Deming Public Schools elected Ron Wolfe as president of the Board, with John Sweetser serving as vice president and Bayne Anderson as secretary.  After electing officers, the board put off a decision that would make Deming Public Schools year-round schooling.  Residents, staff, and students all turned out last week to learn more about the proposal, and to make their opinions heard during the public forum portion of the meeting.  A fifth grader gave a presentation to the board about why she believed the new calendar would negatively affect students, and her mother asked the members to consider all DPS students and “not just some poor demographic students” when making their decision.

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March 23rd, 2015: Local Headlines

Here’s a look at today’s headlines:

The local Philanthopic Educational Organization chapters AG and BR announce their first Nancy Champlin P.E.O. Scholarship.  The scholarship will be awarded to a local Grant County High School senior girl who wishes to pursue higher education in the fall of 2015.  Applicants must have a 3.4 GPA or higher to apply.  Applications can be obtained from all Grant County high school guidance offices.  Application deadline is April 1st.  P.E.O. is an international philanthropic educational organization helping women pursue higher educations through grants, loans, and scholarships.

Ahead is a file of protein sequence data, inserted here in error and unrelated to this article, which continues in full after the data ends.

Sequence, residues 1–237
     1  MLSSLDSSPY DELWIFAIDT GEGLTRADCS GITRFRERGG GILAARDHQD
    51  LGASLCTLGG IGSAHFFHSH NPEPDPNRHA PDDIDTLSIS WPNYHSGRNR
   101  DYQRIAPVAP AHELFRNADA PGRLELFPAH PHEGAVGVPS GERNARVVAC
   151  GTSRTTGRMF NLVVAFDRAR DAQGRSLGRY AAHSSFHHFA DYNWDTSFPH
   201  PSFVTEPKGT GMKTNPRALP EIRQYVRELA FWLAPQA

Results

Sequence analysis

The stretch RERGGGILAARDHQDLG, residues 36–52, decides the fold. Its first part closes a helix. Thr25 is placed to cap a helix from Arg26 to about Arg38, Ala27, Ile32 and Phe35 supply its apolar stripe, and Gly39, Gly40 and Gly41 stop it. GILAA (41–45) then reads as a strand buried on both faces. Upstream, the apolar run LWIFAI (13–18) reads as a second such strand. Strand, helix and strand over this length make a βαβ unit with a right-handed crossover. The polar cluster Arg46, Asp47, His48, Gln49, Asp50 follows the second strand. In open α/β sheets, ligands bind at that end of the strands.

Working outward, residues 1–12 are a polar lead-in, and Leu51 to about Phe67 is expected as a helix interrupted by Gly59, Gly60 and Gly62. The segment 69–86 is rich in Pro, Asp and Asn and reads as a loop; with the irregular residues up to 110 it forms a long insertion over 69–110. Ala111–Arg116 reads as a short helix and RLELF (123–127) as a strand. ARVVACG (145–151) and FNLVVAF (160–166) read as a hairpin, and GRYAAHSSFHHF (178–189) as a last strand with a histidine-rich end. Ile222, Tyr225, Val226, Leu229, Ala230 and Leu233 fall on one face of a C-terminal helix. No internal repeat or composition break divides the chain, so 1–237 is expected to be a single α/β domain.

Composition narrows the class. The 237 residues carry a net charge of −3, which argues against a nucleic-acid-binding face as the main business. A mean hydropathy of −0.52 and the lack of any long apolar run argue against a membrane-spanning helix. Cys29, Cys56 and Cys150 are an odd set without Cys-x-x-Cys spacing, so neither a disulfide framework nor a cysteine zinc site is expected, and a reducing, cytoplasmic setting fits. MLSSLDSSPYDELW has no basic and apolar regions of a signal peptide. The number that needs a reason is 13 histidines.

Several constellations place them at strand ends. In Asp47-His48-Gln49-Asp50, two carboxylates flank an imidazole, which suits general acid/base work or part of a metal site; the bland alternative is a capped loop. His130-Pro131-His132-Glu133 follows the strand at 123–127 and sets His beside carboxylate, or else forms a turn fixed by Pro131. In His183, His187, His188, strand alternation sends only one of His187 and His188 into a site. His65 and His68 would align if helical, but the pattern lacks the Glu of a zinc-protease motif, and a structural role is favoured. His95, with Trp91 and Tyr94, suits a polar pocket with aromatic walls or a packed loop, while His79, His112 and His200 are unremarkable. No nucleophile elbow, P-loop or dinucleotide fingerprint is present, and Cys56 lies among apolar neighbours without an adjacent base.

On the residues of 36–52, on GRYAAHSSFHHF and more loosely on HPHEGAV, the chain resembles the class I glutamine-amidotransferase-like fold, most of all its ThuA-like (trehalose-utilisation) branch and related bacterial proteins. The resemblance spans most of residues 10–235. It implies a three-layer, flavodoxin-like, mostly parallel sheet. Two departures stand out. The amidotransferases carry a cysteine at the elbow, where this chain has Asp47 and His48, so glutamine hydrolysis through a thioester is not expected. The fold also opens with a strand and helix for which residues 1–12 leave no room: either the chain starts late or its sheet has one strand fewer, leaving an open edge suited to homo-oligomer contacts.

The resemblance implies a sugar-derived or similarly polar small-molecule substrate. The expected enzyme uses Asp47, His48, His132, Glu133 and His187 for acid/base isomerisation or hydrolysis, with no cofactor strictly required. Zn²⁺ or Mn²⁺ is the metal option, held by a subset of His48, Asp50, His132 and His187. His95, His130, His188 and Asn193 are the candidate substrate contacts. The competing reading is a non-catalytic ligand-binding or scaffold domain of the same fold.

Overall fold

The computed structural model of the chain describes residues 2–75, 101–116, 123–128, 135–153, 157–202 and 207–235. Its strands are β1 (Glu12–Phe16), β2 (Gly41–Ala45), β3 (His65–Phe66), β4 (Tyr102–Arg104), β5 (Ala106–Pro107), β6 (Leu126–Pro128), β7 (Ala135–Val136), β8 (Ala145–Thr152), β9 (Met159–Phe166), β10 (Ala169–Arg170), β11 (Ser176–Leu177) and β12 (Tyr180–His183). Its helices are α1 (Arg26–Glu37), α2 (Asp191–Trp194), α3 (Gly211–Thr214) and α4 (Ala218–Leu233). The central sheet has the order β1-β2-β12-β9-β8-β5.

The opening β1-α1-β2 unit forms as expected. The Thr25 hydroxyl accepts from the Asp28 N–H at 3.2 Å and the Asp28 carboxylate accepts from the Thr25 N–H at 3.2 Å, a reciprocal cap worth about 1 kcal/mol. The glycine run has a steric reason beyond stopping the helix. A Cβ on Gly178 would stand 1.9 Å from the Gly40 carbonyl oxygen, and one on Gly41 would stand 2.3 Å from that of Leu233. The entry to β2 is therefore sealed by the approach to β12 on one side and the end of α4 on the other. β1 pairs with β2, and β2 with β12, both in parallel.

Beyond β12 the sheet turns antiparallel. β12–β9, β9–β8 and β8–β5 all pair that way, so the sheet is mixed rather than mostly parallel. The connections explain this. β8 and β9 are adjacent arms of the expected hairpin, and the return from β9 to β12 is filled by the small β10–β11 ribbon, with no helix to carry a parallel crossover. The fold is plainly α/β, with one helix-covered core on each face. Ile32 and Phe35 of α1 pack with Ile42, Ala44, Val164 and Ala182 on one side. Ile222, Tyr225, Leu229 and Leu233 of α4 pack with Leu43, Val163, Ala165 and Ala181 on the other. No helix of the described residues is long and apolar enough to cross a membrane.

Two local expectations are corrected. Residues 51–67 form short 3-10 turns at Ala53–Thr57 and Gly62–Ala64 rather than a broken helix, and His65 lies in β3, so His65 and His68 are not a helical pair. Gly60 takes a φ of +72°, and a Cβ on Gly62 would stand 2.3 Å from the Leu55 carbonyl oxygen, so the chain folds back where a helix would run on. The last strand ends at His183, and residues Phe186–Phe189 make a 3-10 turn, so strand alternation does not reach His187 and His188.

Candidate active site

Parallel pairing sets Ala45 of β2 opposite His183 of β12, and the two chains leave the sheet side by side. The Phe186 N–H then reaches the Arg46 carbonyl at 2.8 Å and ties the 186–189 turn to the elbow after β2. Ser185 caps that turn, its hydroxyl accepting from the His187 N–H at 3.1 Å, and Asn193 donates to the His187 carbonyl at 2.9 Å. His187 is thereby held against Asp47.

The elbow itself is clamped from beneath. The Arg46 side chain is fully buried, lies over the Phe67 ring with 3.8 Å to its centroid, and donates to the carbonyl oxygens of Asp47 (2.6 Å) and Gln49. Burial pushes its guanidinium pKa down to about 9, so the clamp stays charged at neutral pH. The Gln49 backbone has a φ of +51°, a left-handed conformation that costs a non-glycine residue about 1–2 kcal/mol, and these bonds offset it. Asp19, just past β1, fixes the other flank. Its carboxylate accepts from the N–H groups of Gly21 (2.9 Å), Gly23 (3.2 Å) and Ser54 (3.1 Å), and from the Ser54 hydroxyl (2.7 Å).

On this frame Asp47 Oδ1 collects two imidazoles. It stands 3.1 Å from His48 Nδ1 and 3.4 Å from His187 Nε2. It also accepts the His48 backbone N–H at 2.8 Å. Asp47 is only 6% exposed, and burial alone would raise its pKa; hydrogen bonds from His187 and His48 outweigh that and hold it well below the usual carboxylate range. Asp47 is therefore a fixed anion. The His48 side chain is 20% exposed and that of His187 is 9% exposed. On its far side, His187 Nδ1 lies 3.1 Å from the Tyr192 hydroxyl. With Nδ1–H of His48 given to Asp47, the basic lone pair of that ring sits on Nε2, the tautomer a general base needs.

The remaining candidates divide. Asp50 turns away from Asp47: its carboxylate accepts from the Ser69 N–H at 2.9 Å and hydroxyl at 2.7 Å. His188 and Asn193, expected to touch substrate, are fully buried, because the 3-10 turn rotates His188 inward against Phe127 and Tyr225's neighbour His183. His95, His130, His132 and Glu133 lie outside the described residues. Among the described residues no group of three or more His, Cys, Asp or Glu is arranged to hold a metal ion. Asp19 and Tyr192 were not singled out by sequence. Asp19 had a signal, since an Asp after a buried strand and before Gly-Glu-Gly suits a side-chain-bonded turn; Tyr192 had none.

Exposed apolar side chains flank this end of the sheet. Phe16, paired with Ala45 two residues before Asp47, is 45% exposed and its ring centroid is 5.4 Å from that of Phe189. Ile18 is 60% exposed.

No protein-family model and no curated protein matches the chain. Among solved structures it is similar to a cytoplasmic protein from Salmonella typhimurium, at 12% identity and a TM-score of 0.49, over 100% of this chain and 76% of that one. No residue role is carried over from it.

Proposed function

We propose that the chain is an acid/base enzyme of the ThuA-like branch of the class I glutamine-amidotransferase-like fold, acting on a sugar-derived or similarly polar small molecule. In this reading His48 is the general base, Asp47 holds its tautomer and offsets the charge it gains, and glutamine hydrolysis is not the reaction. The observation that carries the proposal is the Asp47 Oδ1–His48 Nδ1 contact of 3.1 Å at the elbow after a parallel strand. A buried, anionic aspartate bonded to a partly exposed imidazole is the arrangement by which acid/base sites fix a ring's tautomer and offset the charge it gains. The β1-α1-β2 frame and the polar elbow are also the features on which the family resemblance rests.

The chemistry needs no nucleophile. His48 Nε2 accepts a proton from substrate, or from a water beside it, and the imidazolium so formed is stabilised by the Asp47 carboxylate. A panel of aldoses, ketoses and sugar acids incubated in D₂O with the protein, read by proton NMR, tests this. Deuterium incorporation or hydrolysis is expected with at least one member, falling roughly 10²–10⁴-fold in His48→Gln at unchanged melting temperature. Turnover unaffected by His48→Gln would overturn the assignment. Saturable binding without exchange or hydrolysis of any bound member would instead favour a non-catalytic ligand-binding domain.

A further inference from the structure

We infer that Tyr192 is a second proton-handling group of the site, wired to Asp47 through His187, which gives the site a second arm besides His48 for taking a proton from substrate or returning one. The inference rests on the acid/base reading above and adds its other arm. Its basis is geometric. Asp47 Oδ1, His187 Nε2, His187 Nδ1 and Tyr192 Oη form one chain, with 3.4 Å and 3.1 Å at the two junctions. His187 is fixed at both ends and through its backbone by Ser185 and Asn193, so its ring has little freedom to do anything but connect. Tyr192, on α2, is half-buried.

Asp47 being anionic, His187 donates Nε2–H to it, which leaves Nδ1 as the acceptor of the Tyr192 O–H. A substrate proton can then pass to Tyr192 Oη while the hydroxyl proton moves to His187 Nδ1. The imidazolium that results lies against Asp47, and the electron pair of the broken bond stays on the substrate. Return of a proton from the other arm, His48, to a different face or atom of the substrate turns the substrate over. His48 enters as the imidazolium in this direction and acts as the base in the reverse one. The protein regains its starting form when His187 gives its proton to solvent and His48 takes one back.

At the end of the legislative session:

Despite the uphill battle of getting bills passed in the Senate, there was some bipartisan support on bills that will now head to Gov. Susana Martinez. Those bills included:

  • HB 2 – the FY-2016 budget, which maintains fiscal responsibility while funding some of the state’s most important priorities at the highest levels. Among other things, the budget calls for more spending on education than ever before to improve New Mexico’s schools; increased funding into programs and initiatives to protect children; and more money into economic development programs to help diversify the state’s economy.
    · SB 233 – a worker’s compensation bill to cap the time someone could receive benefits at a reasonable level. This was a commonsense proposal to ensure people can receive worker’s compensation, but also protect our small businesses.